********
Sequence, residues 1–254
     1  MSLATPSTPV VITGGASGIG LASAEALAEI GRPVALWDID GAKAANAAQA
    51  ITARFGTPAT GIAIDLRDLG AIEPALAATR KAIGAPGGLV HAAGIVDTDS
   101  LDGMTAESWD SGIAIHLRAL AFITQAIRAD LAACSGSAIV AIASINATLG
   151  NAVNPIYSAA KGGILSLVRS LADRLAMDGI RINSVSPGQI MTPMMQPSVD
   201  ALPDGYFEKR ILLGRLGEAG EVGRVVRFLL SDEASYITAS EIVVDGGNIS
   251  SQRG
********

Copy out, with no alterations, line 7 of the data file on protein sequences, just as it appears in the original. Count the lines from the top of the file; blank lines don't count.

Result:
   251  SQRG